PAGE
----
The rest of the material here includes work from the pens of Merle Travis: Dark as a Dungeon, Ernest Tubb: Walking the Floor Over You, Hank Williams' Hey Good Looking and, of course, the title track Roll On John.  Some of you may be familiar with the name Rufus Crisp, a Kentucky banjo player recorded by Margo Mayo in 1946 for the Library of Congress.  She recorded him again in the fifties and this time the results were issued by Folkways Records in 1972.  Well, this song was apparently first collected by Mayo in the thirties from Rufus, performed by Rufus's son Palmer for Mayo in 1946 and again by Palmer in 1955 .  I first heard it on record by The Greenbriar Boys - which was John Herald's New York bluegrass band of the sixties - and although John does a good enough version here I do miss the lead voice of the late lamented Ralph Rinzler, who was part of that group when they recorded it.  Ralph learnt the song from the 1946 L of C recording and I suspect that John got it from Ralph.  The three versions which I now own are all slightly truncated versions of Rufus Crisp's own, which was apparently sometimes as long as fourteen verses.  The song is a much slowed down version of Roll on Buddy / Nine Pound Hammer and, with this more relaxed treatment, has long been a favourite of mine.  Hopefully someone will make Rufus's own fourteen verse version available sometime.

The overall feel of this album, if it isn't already obvious from the above, is country; the backing instruments including steel guitar, bass guitar, fiddle, mandolin, harmonica and unobtrusive drums, but they are not all present on all the tracks.  Roll on John, for example, is solo Herald vocal and guitar recorded at a live performance.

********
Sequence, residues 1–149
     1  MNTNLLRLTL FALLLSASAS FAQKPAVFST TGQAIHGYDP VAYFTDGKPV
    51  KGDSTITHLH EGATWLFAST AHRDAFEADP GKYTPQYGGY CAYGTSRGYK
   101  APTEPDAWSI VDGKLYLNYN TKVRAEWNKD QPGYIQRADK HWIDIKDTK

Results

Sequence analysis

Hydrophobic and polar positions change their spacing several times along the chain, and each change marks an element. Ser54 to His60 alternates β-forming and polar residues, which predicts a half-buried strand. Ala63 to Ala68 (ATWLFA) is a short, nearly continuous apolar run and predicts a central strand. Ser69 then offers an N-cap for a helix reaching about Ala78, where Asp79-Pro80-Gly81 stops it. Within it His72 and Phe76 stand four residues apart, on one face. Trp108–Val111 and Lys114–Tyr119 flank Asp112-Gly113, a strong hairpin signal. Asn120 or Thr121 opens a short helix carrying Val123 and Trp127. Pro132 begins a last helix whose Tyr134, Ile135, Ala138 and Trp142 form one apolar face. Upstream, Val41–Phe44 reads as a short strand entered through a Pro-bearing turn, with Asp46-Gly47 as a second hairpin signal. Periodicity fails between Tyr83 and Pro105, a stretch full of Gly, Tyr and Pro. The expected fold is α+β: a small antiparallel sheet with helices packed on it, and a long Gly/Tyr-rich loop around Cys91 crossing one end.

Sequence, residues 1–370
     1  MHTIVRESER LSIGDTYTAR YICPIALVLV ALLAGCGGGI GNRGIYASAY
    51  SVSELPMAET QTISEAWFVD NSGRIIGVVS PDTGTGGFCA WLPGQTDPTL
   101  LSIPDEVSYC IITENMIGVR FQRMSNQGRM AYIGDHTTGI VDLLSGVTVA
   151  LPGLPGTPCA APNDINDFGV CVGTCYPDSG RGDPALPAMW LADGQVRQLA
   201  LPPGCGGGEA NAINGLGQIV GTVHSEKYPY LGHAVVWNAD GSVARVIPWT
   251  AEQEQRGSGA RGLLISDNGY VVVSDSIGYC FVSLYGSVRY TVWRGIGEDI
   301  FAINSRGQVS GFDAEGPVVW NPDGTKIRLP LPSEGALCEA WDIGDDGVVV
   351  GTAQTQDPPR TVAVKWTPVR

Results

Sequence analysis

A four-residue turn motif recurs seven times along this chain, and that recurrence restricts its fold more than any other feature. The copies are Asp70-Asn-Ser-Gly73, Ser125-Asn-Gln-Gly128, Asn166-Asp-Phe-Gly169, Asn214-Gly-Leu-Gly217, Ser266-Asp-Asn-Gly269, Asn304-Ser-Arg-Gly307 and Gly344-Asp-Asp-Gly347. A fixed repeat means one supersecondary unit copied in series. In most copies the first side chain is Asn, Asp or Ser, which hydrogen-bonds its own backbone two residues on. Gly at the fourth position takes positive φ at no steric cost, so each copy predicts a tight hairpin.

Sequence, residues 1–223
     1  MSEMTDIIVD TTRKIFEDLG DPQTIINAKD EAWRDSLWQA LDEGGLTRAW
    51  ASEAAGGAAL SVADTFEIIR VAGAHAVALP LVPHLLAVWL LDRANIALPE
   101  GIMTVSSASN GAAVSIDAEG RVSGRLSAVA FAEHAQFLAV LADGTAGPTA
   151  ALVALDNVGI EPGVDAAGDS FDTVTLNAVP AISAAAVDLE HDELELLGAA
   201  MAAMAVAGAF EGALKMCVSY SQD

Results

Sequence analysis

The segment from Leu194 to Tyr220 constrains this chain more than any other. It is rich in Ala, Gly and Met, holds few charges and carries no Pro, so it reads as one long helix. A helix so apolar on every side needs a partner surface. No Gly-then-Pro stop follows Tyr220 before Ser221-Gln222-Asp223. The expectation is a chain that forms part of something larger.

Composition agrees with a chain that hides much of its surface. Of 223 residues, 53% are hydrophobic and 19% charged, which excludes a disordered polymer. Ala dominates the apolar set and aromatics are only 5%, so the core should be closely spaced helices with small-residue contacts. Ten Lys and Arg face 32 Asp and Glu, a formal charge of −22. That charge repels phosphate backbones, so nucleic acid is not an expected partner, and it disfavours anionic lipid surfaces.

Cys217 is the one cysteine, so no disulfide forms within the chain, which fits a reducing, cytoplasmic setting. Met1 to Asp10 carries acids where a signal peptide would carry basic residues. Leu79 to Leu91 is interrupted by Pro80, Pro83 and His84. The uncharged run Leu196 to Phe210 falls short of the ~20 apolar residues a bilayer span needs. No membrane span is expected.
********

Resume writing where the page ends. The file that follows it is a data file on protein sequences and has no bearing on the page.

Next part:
The album was recorded in Scotland in 2000 and I guess the backing musicians are all local - and they do a fine job.  The notes are quite entertaining and informative about the early days of the late fifties and early sixties in Greenwich Village, the Woodstock Review days of which John was part, and his time on the west coast.

John's distinctive voice is still as good as ever, and he is as entertaining as always.  We shouldn't have had to wait so long!  If you enjoy good country music of the old school with a flavour of the sixties folk scene in it's approach, then you will almost certainly enjoy this album.  I do; very much so.

One small niggling point is the playing time of 32 minutes 10 seconds - ten tracks and a spoken intro to one song.  A little brief, I feel; but not knowing the retail price it could still possibly be a bargain.  That having been said, it is still good music.

Frank Weston - 1.9.01